SBA loan has been the traditional source of funding for small businesses. However, in this tough economic environment, even the SBA loans have dried up considerably or the loan rates have risen appreciably to be almost as high as that of a Merchant Cash Advance (MCA). Quick approval and similar rates has made an MCA a compelling option for all businesses that accept credit cards.
The Small Business Association (SBA) has done a lot for the growth of small businesses and is a reliable support for them. The SBA offers loans to finance small businesses that are unable to secure loans on reasonable terms from traditional financing sources.
Small businesses were flourishing before the economic slump hit them. Consumer’s disposable income was high, sales were up and businesses maintained optimum stock levels. Now, consumers are holding on to cash and businesses are stuck with their inventory. Money is required to continue operations, but is no longer forthcoming from customers.
Many small businesses are getting SBA loans to stay afloat until times get better. However, the SBA does not have funds of its own. So, where does it get the money for the loans? That is where SBA loans can become risky for small business owners.
Risk of SBA loans
Funds lent out in the form of SBA loans are really being financed by banks. The SBA is only the originator and facilitator of the loan. This means that the SBA loan carries the same risks as a bank loan.
Bank loans once lent have to be repaid and there is no chance for renegotiation. Banks are particularly tough now as they are already facing loan defaults and cash deficit. Businesses going through a financial low face heavy penalties on late payments. The bank has the legal right to recover the debt from the business owner and can take over personal assets in case of non-payment of the loan.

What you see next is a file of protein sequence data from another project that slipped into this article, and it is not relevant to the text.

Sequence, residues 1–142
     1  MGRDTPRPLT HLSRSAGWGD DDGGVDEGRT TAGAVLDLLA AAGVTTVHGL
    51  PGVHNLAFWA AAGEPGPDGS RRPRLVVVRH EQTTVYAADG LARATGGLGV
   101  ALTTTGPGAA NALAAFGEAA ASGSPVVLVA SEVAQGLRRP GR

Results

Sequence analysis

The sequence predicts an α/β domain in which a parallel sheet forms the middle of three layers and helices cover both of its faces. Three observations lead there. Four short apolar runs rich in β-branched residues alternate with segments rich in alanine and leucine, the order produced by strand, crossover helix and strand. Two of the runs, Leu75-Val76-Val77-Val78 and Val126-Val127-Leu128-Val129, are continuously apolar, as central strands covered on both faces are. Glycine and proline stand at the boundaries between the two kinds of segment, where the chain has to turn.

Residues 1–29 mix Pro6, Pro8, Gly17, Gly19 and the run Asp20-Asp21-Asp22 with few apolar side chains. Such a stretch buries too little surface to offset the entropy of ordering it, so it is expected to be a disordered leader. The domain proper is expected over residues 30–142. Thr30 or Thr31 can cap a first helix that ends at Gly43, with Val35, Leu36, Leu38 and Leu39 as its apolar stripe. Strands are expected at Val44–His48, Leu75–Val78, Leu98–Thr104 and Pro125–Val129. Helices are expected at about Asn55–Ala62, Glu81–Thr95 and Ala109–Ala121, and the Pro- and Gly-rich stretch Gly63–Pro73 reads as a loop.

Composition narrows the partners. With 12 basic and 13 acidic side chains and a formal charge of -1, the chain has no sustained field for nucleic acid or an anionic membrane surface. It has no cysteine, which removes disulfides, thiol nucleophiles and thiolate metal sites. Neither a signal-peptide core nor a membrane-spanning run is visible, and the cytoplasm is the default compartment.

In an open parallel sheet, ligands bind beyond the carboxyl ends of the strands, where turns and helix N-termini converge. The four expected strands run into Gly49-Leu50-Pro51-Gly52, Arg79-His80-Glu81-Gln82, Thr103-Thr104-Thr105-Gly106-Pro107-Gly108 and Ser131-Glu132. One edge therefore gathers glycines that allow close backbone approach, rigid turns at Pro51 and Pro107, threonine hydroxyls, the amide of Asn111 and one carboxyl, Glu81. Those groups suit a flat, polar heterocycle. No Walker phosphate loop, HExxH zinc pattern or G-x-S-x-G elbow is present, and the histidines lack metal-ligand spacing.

In February 2009, CNNMoney.com reported that SBA loan default has risen to 11.9% in 2008 from about 2.4% in 2004. Though the government is trying to address this problem, there is not much to be done when a firm is unable to do sufficient business to repay its debts. The bank has no option except to seize the personal collaterals of the business owner, such as residence, car, etc.
Merchant Cash Advance (MCA) finances without collateral
The SBA may not approve of MCA providers, but MCAs can pull a business back on its feet. Survival of the business is paramount and MCA provides the finance when the business needs it most and does not have many other options.
Businesses can apply for an MCA and get the cash approved anytime between 2 days to 2 weeks. There are no need of a personal collateral or lengthy paperwork involved. The business sells a percentage of future credit card receipts to the MCA provider in exchange for the cash advance.
The reduction in credit card sales will definitely affect the bottom line of the business for some time, but at least the business is still standing. A clear plan on repaying the advance as soon as possible will reduce the overall cost of the advance to the business.
It is recommended that small business owners facing financial deficit, consider taking out merchant cash advance rather than an SBA loan. Current interest rates on bank loans have reached a high and with the lack of flexibility in the repayment model, banks are no longer the best financing sources. MCA providers offer fast and timely service to give businesses a second life. Though the cost of the MCA is high, it can be reduced through careful planning.
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